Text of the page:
If a child has access to the Internet, text messaging or email, they could become a victim of cyberbullying. According to recent surveys, more than 40 percent of students in fourth through eighth grades have been the victim of some form of online bullying.
Cyberbullying is bullying through email, instant messaging, in chat rooms, on a website, through digital messages, or images sent to a cellular phone.
“Cyberbullying is unique,” said Cheryl Varnadoe, a University of Georgia Cooperative Extension 4-H specialist and cyberbullying expert. “It not only looks and feels different than traditional bullying, but presents some unusual challenges in dealing with it. Damage done by cyberbullies is real. And in some cases, can be more painful than traditional bullying.”
Research conducted by Georgia 4-H's Youth Technology Leadership Team shows that children may not tell parents they have been harassed online.
“As children get older, the likeliness of them reporting the abuse is less likely,” she said. “One reason they are less prone to tell is they say we didn’t listen or believe them when they did come and tell us.”
Parents should pay attention, she said, and take action if their children are:
- Hesitant to be online.
- Nervous when receiving an instant message, email or text.
- Upset after using the computer or cell phone.
- Hiding or clearing the computer screen or closing the phone when parents enter the room.
- Withdrawing from friends.
- Falling behind in schoolwork or avoiding school.
- Very moody or crying.
Almost all American teens use the Internet on a daily basis, according to a recent study by Pew Internet. Approximately 23 million youth log on every day. Most parents, 81 percent, don’t think teens are careful when sharing information online or on their cell phones. More than half of parents and teens agree teenagers do things online they wouldn’t want their parents to know about.
Roughly 60 percent of teens own a cell phone and spend on average an hour a day talking and texting, according to U.S. Cellular Statistics.
Teach kids to be safe online
“As youth go online in increasing numbers, cyber ethics is a critical lesson,” Varnadoe said. “Online, people can feel invisible and capable of doing things they normally wouldn’t do in person or in public.”
Tell children not to hurt others online, respect privacy, be responsible, ignore insults from others and be themselves. Appropriate online communication is a proactive way to discourage cyberbullying and make children aware of what is not allowed, she said.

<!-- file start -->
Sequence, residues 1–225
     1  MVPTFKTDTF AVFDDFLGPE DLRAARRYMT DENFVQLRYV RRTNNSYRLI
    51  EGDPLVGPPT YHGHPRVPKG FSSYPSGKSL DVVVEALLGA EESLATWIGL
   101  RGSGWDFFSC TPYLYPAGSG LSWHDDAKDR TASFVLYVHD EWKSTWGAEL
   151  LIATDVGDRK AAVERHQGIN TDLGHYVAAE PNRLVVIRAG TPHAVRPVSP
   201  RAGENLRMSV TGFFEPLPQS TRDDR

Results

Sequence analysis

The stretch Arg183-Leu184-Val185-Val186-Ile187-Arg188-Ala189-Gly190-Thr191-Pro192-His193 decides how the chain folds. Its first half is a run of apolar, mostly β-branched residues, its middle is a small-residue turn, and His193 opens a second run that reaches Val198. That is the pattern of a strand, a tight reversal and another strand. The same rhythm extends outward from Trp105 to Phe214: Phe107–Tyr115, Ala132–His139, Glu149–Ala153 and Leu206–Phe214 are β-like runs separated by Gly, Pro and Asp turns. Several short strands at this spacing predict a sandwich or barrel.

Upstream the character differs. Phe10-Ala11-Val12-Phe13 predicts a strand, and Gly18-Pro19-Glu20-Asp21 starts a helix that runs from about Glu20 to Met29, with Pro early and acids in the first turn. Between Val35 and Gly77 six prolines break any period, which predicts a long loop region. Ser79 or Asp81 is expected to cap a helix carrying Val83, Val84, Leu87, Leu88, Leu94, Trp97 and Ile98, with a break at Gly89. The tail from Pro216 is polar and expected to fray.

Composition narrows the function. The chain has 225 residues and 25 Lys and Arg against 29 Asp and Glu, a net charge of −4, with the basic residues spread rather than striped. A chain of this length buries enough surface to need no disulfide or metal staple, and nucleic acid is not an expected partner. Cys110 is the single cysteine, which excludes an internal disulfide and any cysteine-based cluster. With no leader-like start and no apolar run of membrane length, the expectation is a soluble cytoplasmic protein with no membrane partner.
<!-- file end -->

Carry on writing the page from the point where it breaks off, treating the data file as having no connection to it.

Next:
“As a parent or caretaker, your goal is to keep a good ongoing dialogue with your child so they will feel comfortable telling you if something bad happens online or somewhere else,” she said. “Build a relationship of trust and then listen carefully to what your child says about their online experiences. Let your child know you believe them and will help them feel safe. Be clear that you need to know if your child receives an inappropriate message, both on and offline.”
Spreading the word
“I saw my tech team (Georgia 4-H Youth Technology Leadership Team) in a room with a group of kids, and they would rather text and email than talk to each other,” she said. “I also saw them going to a website that allows anonymous postings and being mean. These kids were supposed to be the leaders and teaching others about responsible behavior. I decided then I needed to learn what to do and how to work with others and teach others how to do the same.”
Varnadoe created the Cyber Security Initiative to educate youth across the state on cyberbullying and Internet safety. The program introduces youth and adults to the rules of cybercitizenship.
Partnering with local UGA Extension offices, the Georgia 4-H Youth Technology Leadership Team travels around the state to lead free classes on cyberbullying, Internet safety and social networking. The program is funded by the State Farm Youth Advisory Board.
For more information and to schedule programs, contact Varnadoe at email@example.com.